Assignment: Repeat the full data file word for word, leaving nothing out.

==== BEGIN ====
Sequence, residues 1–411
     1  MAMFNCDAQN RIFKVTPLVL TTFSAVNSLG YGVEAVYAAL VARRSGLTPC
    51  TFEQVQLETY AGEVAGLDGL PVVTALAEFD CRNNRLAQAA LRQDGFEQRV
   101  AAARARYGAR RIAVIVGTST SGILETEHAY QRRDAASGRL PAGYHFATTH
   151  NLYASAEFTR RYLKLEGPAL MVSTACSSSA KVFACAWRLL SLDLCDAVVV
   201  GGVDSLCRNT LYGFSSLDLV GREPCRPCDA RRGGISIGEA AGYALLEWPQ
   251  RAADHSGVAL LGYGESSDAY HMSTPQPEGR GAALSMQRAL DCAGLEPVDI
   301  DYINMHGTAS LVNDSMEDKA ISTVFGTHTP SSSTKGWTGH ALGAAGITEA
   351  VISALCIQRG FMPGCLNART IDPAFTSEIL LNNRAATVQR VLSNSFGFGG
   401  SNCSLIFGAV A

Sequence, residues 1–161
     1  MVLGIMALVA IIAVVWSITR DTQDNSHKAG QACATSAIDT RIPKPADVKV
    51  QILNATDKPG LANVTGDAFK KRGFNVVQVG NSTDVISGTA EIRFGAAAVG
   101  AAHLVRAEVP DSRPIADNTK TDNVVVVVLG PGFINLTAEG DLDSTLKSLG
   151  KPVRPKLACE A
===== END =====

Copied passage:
Sequence, residues 1–411
     1  MAMFNCDAQN RIFKVTPLVL TTFSAVNSLG YGVEAVYAAL VARRSGLTPC
    51  TFEQVQLETY AGEVAGLDGL PVVTALAEFD CRNNRLAQAA LRQDGFEQRV
   101  AAARARYGAR RIAVIVGTST SGILETEHAY QRRDAASGRL PAGYHFATTH
   151  NLYASAEFTR RYLKLEGPAL MVSTACSSSA KVFACAWRLL SLDLCDAVVV
   201  GGVDSLCRNT LYGFSSLDLV GREPCRPCDA RRGGISIGEA AGYALLEWPQ
   251  RAADHSGVAL LGYGESSDAY HMSTPQPEGR GAALSMQRAL DCAGLEPVDI
   301  DYINMHGTAS LVNDSMEDKA ISTVFGTHTP SSSTKGWTGH ALGAAGITEA
   351  VISALCIQRG FMPGCLNART IDPAFTSEIL LNNRAATVQR VLSNSFGFGG
   401  SNCSLIFGAV A

Sequence, residues 1–161
     1  MVLGIMALVA IIAVVWSITR DTQDNSHKAG QACATSAIDT RIPKPADVKV
    51  QILNATDKPG LANVTGDAFK KRGFNVVQVG NSTDVISGTA EIRFGAAAVG
   101  AAHLVRAEVP DSRPIADNTK TDNVVVVVLG PGFINLTAEG DLDSTLKSLG
   151  KPVRPKLACE A